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There are many preconceived ideas related to age, especially as it relates to employees. Ask anyone who is 18 years old and they will complain about the challenges of finding a first job because they lack experience. They may have skills, drive and determination, but no one will hire them so they can gain said experience. Conversely, ask anyone who is 58 about finding employment as they near so-called “retirement age”, and they will share sad tales of how ageism is alive and well in the workplace. The problem is that if 18 is too young and 58 is too old, then employers are left with a prospective work force that is narrow… and shrinking.
According to Luke Rogers, Chief of the Population Estimates Branch at the Census Bureau, the U.S. as a whole is continuing to grow older. Of the roughly 325 Million people in the U.S., the median age of all people increased to 38.2 years in 2018, up from 37.2 years in 2010. More than four out of every five counties in the entire U.S. had a median age that was older in 2018 than in 2010. This is driven — in large part — by the Baby Boomer generation crossing over the 65-year-old mark. Here is a breakdown of population in the U.S. by age groups
0-19 Years Old
20-29 Years Old
30-39 Years Old
40-49 Years Old
50-59 Years Old
60-69 Years Old
70+ Years Old
|Amount of Population
When employers quietly refuse to hire anyone under 20 and over 50, they reduce themselves to a workforce pool of just 40% of the total population. And, if we do the math, it’s clear that that percentage will continue to shrink. After all, 35% of the population is over 50 and only 25% of the population is under 20. Based on that trend, the available workforce will keep shrinking over the next 20 years as the population continues to age.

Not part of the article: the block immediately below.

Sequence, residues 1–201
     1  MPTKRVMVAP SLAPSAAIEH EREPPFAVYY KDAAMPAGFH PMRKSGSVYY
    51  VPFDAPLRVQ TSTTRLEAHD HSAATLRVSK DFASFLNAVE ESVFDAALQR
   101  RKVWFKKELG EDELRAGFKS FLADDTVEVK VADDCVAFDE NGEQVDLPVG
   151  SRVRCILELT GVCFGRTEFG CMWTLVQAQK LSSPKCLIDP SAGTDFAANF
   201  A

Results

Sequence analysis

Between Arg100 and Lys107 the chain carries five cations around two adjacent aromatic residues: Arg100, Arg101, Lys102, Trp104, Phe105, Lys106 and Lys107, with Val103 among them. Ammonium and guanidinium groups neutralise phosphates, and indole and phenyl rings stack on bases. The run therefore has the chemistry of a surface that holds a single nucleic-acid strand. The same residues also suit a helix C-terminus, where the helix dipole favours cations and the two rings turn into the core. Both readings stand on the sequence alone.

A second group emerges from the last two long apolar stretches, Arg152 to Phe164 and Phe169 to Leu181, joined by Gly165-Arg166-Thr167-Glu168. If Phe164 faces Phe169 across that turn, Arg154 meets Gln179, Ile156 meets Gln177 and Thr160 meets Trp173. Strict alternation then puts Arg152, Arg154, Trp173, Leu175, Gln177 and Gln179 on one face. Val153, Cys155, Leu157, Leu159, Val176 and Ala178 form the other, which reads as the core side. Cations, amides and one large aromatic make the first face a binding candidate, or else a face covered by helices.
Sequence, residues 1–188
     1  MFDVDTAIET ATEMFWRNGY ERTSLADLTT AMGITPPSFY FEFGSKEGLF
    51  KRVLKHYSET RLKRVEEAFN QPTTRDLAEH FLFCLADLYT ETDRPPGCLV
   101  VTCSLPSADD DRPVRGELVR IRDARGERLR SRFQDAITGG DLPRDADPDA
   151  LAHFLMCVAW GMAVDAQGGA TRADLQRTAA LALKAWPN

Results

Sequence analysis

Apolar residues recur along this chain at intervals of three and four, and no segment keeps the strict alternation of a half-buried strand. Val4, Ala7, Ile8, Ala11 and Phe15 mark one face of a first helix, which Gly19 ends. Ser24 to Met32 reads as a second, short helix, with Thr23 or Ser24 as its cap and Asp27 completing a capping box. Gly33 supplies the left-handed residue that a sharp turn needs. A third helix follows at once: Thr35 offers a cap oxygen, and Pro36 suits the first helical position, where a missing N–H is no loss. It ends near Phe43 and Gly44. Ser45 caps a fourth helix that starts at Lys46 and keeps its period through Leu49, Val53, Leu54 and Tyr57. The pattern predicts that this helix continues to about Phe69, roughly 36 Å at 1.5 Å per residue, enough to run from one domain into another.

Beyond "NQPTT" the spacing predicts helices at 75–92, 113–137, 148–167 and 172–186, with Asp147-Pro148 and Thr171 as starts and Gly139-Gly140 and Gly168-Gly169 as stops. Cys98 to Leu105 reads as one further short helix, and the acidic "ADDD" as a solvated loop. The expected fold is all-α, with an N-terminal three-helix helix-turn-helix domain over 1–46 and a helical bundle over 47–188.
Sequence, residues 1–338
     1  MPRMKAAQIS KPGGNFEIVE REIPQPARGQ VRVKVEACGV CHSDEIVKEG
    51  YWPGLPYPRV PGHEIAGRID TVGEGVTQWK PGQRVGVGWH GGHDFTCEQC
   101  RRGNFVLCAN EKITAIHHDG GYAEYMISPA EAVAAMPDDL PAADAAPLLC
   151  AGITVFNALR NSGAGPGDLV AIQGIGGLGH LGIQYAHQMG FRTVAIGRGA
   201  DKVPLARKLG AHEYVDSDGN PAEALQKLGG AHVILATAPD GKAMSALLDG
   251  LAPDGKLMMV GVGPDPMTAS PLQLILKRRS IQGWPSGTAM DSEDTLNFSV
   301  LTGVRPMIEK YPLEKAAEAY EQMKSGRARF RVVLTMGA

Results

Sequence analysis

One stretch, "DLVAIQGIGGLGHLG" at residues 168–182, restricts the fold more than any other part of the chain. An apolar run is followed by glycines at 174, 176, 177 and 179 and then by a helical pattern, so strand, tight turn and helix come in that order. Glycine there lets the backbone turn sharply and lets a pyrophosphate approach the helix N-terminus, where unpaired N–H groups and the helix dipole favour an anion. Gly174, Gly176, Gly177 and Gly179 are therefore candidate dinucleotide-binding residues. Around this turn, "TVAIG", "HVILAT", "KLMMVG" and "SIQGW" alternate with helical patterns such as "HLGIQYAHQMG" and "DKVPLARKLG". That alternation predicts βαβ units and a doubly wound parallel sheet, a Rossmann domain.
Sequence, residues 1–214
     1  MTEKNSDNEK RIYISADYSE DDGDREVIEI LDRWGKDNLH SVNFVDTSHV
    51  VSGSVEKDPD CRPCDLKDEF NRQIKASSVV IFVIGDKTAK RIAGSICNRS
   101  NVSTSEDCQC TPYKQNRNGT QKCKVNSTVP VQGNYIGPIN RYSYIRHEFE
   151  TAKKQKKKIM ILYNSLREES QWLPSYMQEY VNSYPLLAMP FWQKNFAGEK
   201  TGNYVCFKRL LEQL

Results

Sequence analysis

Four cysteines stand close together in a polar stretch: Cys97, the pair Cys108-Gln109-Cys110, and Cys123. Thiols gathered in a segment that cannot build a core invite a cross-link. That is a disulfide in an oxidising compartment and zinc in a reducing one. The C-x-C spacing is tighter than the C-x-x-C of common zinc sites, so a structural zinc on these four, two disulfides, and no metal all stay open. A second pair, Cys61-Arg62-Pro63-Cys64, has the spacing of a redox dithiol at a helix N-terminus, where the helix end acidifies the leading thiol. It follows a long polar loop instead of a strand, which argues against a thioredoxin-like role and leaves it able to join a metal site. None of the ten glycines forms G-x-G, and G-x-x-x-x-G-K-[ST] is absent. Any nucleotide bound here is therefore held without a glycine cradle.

Of course, while employing anyone under age 16 is not legal in most states and employing those over 75 may not be practical, being open to employing people ranging in age from (roughly) 16 to 76 affords employers a workforce pool of 75% of the total population. So why would employers want to employ only those who are between the ages of 20 to 50 years old (the sweet spot) and limit their own workforce pool? In a word, stereotypes.
There are stereotypes about those who are deemed too young or too old to do a job. Stereotypes are based on summing up a total group based on what may be true (or believed to be true) for the majority or the average or just a vocal few in that group. However, employers don’t hire entire groups. An employer will hire a single individual to fill a specific position. That employer has a very specific set of criteria they need the right candidate to possess and the company must search for the person who best fits that description. The broader the pool of applicants, the more likely they are to find the person with all of the criteria needed. The smaller the pool of applicants, the less likely to find the ideal candidate and the more likely that the person will not work out and the position will have to be filled again.
Age Really Doesn’t Matter.
Hiring the right person for a job is not easy. There is so much to consider. But one factor that really should not matter is the person’s age. Instead, it should be their level of experience, skills, education/training, emotional and psychological maturity, and quickness of body and mind that matter. What an employer should pursue is ability, agility and stability. Every person is unique and age is a construct that is heavily influenced by diet, exercise, genetics, past experiences, EQ, IQ, etc.